One example: the metal heatsink had fingerprints on the top plate, evidently from the factory install process. It's no big deal but it is a reminder this is a mass-produced PC meant to deliver peak performance while offering financial savings in exchange. This critique is purely cosmetic, and most people who buy the XPS 8940 are unlikely to ogle its hardware and design anyway.

The lack of an AMD processor option is always going to be a sticking point for OEMs who often strike deals with Intel versus customers who prefer some of the advantages from AMD. The XPS 8940 SE is no exception as customers only have options for Intel Core i5-10400 up to the mighty i9-10900K and everything in between. Those are good processors, no doubt, but people prefer choice. At least for the non-SE edition, you can choose AMD Radeon for graphics.

Dell XPS 8940 SE: The competition


Source: Daniel Rubino/Windows Central (Image credit: Source: Daniel Rubino/Windows Central)

There is a lot of competition in the desktop PC space, ranging from DIY kits, prefabbed systems, expensive gaming rigs, all-in-ones (AIOs), and offerings from the major OEMs.

For the latter category, the HP ENVY Desktop compares more to the entry-level XPS 8940 SE, which is reflected in its lower starting price ($500) and lack of higher-end options like Core i9 and RTX 3070 (it maxes out at RTX 2060 Super).

If you want more performance while leaning more towards gaming, the Alienware Aurora R11 is an excellent choice if you can stomach the arguably bold case design.

An option for those who also need a quality display and keyboard with a mouse there is the outstanding HP ENVY 32 AiO. It features a massive 32-inch 4K display, loud audio, and a powerful RTX 2070 GPU. It's an impressive machine that solves many problems (except you can't upgrade components).

If you like the XPS 8940 SE, but don't prefer a white colorway, you can opt for the regular 8940, which comes in black and has some other spec options that don't reach the heights of the SE model, but it is slightly cheaper.

See our best desktop PCs for more recommendations.

Dell XPS 8940 SE: Should you buy?

Dell Xps 8940 Inside

Source: Daniel Rubino / Windows Central (Image credit: Source: Daniel Rubino / Windows Central)

You should buy this if ...

  • You want a powerful desktop with no frills
  • Need an RTX 3070 GPU
  • Prefer Intel-based systems
  • Need plenty of front-accessible ports
  • You need a Blue-ray drive

You should not buy this if ...

  • You want to game a lot
  • You want a more dynamic case design
  • AMD is your preferred processor

The XPS 8940 SE does well when it comes to the fundamentals of a prosumer-level desktop PC. The CPU, GPU, and RAM all reach heights that any full-time video editor would be happy to use for work. Simultaneously, regular consumers can also benefit from the no-frills, easy to understand lower configurations.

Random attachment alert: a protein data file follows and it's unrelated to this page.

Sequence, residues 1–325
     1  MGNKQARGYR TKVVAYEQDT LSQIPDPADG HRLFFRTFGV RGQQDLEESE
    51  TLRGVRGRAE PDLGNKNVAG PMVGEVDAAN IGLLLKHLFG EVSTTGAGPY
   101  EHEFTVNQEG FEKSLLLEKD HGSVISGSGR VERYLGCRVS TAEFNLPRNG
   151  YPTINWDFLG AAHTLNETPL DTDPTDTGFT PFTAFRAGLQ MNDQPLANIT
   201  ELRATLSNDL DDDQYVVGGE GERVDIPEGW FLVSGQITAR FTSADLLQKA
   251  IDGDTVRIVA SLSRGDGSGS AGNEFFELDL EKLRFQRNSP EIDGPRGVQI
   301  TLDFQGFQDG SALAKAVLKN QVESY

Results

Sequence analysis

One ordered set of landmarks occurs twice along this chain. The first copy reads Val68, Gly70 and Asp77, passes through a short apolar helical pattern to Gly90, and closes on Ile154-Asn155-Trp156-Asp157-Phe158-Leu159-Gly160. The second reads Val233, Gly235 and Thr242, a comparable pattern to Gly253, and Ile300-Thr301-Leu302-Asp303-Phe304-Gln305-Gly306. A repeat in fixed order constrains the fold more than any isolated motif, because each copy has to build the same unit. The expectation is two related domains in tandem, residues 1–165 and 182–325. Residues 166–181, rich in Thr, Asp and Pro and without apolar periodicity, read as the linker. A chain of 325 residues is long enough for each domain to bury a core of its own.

The case and accessories feel on the cheap side, but you certainly don't notice these things when you are using the computer. The only interaction most people will have post-setup is plugging in peripherals, and there the XPS 8940 SE is fantastic. There is no reason to reach behind the computer anymore as everything needed is right in front.

There's not a ton of options for upgradeability due to the case and wiring and 500-watt power supply, but swapping out cards, the CPU, adding RAM, and even a third drive are all possible – again, it is the basics, but that is who Dell is targeting here.

Overall, the XPS 8940 SE is a sweet, no-frills, but well-crafted desktop PC. If you are not interested in building your own, don't care about fancy see-through case doors, lighting effects, or pretentious wiring, this desktop from Dell can still handle whatever you throw at it, which is what matters in the end.

Daniel Rubino

Daniel Rubino is the Editor-in-chief of Windows Central. He is also the head reviewer, podcast co-host, and analyst. He has been covering Microsoft since 2007, when this site was called WMExperts (and later Windows Phone Central). His interests include Windows, laptops, next-gen computing, and watches. He has been reviewing laptops since 2015 and is particularly fond of 2-in-1 convertibles, ARM processors, new form factors, and thin-and-light PCs. Before all this tech stuff, he worked on a Ph.D. in linguistics, watched people sleep (for medical purposes!), and ran the projectors at movie theaters because it was fun.